The Seed Keeper, though fictional, reveals just how devastating this war was to the Dakota people in removal from their native land, in their imprisonment and in efforts by Whites to control and shape them. I found this sentence penned by the author to be particularly powerful: What the white settlers called progress was a storm of fury thundering its way across the land, and none of us were strong enough to withstand it.
Still, strength sprouts and grows in The Seed Keeper through a riveting storyline that stretches back to Marie Blackbird in 1862 and then follows main character Rosalie Iron Wing through the decades to 2002. Even her name, Iron Wing, evokes strength and freedom. Rosalie marries a White farmer, births a son and her two worlds collide.
I was especially drawn to this statement by a Dakota elder in Wilson’s book: People don’t understand how hard it is to be Indian. I’m not talking about all the sad history. I’m talking about a way of life that demands your best every single day. Being Dakhóta means every step you take is a prayer.
Wilson writes with authenticity as a Mdewakanton descendant, enrolled on the Rosebud Reservation. She’s walked the steps of the Dakhóta.
TELL ME: Have you read The Seed Keeper and, if so, what are your thoughts? I’d encourage everyone, Minnesotan or not, to read this award-winning novel.
AS A WHITE WOMAN and writer living in rural Minnesota, writing on the topic of Juneteenth isn’t easy or comfortable. Yet, it’s important for me to do so, to publicly recognize the federal holiday commemorating the emancipation of enslaved African Americans.
Why? Simply put, I care. I care that African Americans were treated with such disrespect, that they were “owned,” for no one should “own” anyone. Yet, these men, women and children were owned, used and abused by White slave owners who worked them, controlled them, imprisoned them, built our country’s early economy on their hardworking backs.
I don’t pretend to be any sort of expert on slavery. But the very thought of it shakes me to the core. I can only imagine the emotions felt by those whose ancestors worked in servitude—in cotton and tobacco fields, in homes, in barns, on vast plantations…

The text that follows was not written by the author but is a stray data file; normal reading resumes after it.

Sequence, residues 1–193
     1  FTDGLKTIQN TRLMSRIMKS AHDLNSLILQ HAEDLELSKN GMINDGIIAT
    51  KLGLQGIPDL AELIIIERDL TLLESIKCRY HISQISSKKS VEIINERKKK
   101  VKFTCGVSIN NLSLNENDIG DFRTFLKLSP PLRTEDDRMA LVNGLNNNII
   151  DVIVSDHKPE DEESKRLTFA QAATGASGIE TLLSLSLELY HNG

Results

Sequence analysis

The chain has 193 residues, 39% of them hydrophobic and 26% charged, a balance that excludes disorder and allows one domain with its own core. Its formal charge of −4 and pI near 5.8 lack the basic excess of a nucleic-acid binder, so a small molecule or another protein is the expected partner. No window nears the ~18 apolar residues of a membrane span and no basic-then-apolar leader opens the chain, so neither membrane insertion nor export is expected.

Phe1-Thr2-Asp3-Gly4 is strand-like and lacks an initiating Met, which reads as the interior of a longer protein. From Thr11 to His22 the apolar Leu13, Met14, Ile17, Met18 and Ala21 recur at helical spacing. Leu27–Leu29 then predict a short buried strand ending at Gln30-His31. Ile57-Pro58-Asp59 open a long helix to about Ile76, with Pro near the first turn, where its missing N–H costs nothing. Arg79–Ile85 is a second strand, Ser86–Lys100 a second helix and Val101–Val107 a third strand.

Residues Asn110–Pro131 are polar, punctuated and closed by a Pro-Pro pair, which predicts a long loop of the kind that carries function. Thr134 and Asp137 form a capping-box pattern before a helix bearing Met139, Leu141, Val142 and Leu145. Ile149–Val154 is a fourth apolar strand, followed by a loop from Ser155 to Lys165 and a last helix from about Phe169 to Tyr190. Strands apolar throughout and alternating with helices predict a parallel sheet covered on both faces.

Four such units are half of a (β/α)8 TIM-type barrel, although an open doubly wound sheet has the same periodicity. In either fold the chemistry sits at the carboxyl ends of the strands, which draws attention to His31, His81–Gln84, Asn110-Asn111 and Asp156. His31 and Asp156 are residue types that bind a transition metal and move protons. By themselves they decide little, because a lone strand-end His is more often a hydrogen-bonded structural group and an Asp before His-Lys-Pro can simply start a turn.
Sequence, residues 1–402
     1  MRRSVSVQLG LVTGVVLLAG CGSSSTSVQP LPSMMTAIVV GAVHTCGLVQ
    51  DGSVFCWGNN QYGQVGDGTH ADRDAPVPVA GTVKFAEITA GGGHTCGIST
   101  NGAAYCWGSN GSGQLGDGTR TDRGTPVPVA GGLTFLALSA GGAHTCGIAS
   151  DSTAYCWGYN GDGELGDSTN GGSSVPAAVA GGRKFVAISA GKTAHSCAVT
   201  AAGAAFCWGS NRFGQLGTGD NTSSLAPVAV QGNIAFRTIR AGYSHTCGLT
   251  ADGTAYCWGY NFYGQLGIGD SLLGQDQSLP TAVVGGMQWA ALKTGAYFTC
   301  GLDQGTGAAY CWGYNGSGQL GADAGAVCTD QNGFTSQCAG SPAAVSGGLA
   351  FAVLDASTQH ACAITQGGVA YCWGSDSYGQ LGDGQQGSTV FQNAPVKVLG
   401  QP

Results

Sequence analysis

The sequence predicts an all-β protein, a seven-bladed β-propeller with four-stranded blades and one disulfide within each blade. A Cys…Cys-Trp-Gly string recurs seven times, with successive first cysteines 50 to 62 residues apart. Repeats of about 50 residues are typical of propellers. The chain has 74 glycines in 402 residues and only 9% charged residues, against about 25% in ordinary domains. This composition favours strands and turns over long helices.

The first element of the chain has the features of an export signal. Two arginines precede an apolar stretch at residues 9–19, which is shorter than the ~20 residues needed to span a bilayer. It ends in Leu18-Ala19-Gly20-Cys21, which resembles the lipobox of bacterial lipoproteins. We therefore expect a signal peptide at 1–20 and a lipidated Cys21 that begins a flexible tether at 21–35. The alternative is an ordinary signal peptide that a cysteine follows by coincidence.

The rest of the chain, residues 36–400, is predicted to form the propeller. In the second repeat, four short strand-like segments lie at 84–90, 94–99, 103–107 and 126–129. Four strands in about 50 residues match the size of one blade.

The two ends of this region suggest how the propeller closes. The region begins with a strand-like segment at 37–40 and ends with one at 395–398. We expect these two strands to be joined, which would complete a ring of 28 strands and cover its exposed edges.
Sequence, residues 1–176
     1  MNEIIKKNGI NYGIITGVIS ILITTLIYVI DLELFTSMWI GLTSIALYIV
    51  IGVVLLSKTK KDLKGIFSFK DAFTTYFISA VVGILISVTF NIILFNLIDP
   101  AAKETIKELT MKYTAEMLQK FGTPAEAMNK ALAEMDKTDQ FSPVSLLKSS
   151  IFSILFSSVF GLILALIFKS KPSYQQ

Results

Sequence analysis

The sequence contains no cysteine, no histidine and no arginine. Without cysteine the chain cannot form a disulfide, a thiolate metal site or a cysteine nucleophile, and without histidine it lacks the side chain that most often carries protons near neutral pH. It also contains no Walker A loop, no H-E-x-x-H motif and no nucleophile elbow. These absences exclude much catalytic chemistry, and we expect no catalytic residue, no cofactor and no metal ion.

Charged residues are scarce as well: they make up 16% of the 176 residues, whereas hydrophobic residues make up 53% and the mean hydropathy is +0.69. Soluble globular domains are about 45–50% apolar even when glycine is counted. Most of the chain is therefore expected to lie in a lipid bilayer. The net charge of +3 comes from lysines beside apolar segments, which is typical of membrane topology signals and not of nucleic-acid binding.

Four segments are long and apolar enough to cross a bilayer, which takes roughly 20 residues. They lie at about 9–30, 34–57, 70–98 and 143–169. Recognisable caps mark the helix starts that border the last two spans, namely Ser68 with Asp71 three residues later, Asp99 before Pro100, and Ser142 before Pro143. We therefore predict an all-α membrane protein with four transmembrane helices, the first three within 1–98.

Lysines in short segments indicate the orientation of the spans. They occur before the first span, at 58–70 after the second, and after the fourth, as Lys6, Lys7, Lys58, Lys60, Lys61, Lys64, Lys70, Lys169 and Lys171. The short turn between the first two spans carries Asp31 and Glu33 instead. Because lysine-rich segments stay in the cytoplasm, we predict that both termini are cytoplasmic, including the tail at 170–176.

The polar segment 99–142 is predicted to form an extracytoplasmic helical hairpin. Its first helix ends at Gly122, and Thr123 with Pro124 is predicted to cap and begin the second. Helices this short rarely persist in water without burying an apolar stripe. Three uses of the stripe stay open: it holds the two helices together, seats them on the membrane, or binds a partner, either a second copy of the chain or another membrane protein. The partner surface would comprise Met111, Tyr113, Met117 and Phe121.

Beyond reflecting on this date in history, I’ve tried to educate myself by reading, a skill most slaves were denied. Reading, whether stories written by reliable media, nonfiction or even fiction rooted in history, opens my mind to understanding. And with understanding comes compassion and an unwillingness to remain silent.
Too many times during my 60-plus years of life I’ve seen (think Confederate flags) and heard the animosities expressed toward people of color. And while this doesn’t apply specifically to Black people and slavery, I will speak up if someone starts bashing our local immigrant population with false claims and other unkind words. I fully recognize that, because my skin is colorless, my life is likely easier without preconceived ideas/prejudices/denied opportunities.
I appreciate that thoughts in this country are shifting, that we as a people are acknowledging past wrongs, that we’re trying. On the flip side, I see, too, hatred rising in ways I would never have imagined possible.
I admit that I grew up in a household where my father occasionally used the “n” word. It hurts to write that. The “n” word was part of his rural vocabulary, of the time, of growing up among others just like him. White. I grew up similarly, totally surrounded by those of Scandinavian, German, Polish, Irish and other descent, none with roots in Africa.
But I moved away, grew my knowledge and experiences, grew my exposure to new ideas and people and places. I’ve also gained insights into the challenges Blacks face from a biracial son-in-law. Today I live in a diverse neighborhood of Americans who are White, Latino, African…and I’m thankful for that. They carry, in their family histories, struggles and joys, the imprints of those who came before them. Today I honor those African Americans in Texas who 156 years ago first celebrated their freedom from slavery with “Jubilee Day” on June 19, 1866. And I honor all those slaves forced into lives not of their choosing, without freedom, but determined to be free.